• C08J9/12Working-up of macromolecular substances to porous or cellular articles or materials; After-treatment thereof using blowing gases generated by a previously added blowing agent by a physical blowing agent
    • C08J9/14Working-up of macromolecular substances to porous or cellular articles or materials; After-treatment thereof using blowing gases generated by a previously added blowing agent by a physical blowing agent organic
    • C08J9/143Halogen containing compounds
    • C08J9/144Halogen containing compounds containing carbon, halogen and hydrogen only
    • C08J9/146Halogen containing compounds containing carbon, halogen and hydrogen only only fluorine as halogen atoms
    • CCHEMISTRY; METALLURGY
    • C08ORGANIC MACROMOLECULAR COMPOUNDS; THEIR PREPARATION OR CHEMICAL WORKING-UP; COMPOSITIONS BASED THEREON
    • C08LCOMPOSITIONS OF MACROMOLECULAR COMPOUNDS
    • C08L25/00Compositions of, homopolymers or copolymers of compounds having one or more unsaturated aliphatic radicals, each having only one carbon-to-carbon double bond, and at least one being terminated by an aromatic carbocyclic ring; Compositions of derivatives of such polymers
    • C08L25/02Homopolymers or copolymers of hydrocarbons
    • C08L25/04Homopolymers or copolymers of styrene
    • C08L25/06Polystyrene
    • CCHEMISTRY; METALLURGY
    • C08ORGANIC MACROMOLECULAR COMPOUNDS; THEIR PREPARATION OR CHEMICAL WORKING-UP; COMPOSITIONS BASED THEREON
    • C08LCOMPOSITIONS OF MACROMOLECULAR COMPOUNDS
    • C08L9/00Compositions of homopolymers or copolymers of conjugated diene hydrocarbons
    • C08L9/02Copolymers with acrylonitrile
    • CCHEMISTRY; METALLURGY
    • C08ORGANIC MACROMOLECULAR COMPOUNDS; THEIR PREPARATION OR CHEMICAL WORKING-UP; COMPOSITIONS BASED THEREON
    • C08LCOMPOSITIONS OF MACROMOLECULAR COMPOUNDS
    • C08L9/00Compositions of homopolymers or copolymers of conjugated diene hydrocarbons
    • C08L9/06Copolymers with styrene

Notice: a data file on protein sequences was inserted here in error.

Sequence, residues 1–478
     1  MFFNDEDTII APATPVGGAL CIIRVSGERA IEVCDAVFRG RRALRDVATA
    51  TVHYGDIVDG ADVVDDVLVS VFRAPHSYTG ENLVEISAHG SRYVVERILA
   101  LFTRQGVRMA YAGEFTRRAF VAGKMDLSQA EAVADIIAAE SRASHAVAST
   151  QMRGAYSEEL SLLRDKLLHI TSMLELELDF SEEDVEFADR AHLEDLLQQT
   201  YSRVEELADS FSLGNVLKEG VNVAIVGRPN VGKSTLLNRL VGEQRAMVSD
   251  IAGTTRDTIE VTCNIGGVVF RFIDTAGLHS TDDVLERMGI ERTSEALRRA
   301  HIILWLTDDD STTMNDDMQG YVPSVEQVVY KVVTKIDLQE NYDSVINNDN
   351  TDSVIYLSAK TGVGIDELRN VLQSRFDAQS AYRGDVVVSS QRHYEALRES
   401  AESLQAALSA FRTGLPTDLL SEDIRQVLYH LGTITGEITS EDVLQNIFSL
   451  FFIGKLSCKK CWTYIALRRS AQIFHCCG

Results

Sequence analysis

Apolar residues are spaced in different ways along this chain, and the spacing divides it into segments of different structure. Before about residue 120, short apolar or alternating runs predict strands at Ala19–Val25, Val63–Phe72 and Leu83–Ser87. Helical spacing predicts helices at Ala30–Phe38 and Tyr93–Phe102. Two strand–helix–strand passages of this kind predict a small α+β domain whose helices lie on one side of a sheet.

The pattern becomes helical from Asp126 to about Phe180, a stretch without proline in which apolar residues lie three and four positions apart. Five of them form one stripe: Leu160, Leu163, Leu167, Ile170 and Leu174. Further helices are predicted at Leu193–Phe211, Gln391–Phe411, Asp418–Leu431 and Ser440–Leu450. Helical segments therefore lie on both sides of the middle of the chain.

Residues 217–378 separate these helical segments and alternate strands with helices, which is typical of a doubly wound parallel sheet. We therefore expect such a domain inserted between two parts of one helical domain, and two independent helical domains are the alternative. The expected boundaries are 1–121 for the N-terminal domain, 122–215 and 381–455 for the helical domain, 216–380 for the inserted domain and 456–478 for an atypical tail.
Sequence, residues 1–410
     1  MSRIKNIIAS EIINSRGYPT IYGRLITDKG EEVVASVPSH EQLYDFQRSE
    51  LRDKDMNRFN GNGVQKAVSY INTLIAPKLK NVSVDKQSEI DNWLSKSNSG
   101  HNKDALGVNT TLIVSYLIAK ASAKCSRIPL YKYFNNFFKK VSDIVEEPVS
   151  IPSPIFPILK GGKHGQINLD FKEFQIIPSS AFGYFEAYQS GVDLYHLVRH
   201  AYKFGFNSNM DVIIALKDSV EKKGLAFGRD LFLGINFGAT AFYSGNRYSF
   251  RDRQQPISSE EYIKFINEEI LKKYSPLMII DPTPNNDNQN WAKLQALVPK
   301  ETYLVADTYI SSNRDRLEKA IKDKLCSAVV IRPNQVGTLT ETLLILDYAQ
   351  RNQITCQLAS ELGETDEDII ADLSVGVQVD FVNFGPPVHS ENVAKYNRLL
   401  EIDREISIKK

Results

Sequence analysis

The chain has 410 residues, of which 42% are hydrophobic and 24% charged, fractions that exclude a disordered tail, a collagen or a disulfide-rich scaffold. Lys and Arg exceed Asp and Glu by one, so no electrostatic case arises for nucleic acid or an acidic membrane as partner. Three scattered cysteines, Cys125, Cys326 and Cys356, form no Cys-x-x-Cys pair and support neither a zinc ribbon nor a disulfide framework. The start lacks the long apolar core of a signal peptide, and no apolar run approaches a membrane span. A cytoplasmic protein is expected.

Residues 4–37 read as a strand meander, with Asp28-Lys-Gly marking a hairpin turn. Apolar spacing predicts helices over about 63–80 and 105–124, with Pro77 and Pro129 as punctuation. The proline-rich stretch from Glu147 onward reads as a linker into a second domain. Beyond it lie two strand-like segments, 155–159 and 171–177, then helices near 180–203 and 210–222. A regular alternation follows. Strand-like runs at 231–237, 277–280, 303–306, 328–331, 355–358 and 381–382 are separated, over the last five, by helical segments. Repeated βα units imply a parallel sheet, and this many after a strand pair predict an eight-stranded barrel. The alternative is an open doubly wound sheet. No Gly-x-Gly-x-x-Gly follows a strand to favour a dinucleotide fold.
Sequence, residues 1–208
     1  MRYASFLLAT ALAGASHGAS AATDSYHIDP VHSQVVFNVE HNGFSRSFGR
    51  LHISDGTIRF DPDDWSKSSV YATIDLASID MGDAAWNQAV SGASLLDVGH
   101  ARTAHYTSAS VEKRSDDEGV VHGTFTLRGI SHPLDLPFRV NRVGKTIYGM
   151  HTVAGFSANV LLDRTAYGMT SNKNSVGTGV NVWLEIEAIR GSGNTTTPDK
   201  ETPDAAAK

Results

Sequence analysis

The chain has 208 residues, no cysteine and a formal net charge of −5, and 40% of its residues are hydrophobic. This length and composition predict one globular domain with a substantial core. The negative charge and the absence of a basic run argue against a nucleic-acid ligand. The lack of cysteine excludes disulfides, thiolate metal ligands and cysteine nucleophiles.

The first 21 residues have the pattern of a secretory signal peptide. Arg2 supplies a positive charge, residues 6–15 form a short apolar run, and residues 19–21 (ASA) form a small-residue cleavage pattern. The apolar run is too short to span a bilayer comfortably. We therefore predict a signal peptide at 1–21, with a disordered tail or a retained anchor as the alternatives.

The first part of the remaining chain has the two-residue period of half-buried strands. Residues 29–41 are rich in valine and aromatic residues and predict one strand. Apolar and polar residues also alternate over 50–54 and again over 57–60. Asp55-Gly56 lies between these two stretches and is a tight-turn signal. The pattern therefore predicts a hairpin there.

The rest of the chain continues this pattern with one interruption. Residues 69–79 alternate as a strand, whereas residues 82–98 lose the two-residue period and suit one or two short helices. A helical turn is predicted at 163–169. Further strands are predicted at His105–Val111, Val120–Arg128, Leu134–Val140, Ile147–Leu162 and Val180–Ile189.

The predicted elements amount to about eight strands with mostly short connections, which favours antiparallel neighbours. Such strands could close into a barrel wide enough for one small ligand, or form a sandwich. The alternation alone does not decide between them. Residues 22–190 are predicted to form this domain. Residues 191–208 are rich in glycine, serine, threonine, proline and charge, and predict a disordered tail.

Abstract

Polymeric foam and polymeric foam products that contain a foamable polymer material, nanographite, and 1,1,2,2-tetrafluoroethane (HFC-134) are provided. Preferably, the foamable polymer material is an alkenyl aromatic polymer material. The foam is free of other conventional blowing agents typically utilized in preparing a foamed product. The nanographite is not chemically or surface modified and is preferably compounded in a polyethylene methyl acrylate copolymer (EMA), which is used both as a medium and a carrier for the nanographite. The nanographite may be compounded in the polymer in an amount up to 60% loading. In addition, the nanographite acts as a nucleating agent, R-value enhancer, infrared attenuating agent, lubricant, UV absorber, and process aid. The inventive foam composition produces extruded foams that have R-values that are equal to or better than conventional extruded foams produced with 1-chloro-1,1-difluoroethane (HCFC-142b). The foamed products are desirably made by a conventional extrusion process.

Description

    TECHNICAL FIELD AND INDUSTRIAL APPLICABILITY OF THE INVENTION
  • The present invention relates generally to foam insulating products, and more particularly, to a polystyrene foam containing 1,1,2,2-tetrafluoroethane (HFC-134) and nanographite to increase insulating capability and decrease thermal conductivity
  • BACKGROUND OF THE INVENTION
  • Foamed resinous structures are useful in a wide variety of applications such as thermal insulation, as insulating structural members, in cushions, as packaging, and as adsorbents. The usefulness of rigid foamed polymeric boards in a variety of applications is well-known. For example, rigid polymeric foam boards are used as insulating structural members in many applications.
  • Extruded foams are generally made by melting a polymer together with any desired additives-to create a polymer melt. A blowing agent is mixed with the polymer melt at an appropriate temperature and pressure to produce a foamable gel mixture. The foamable gel mixture is then cooled and extruded into a zone of reduced pressure, which results in a foaming of the gel and the formation of the desired extruded foam product.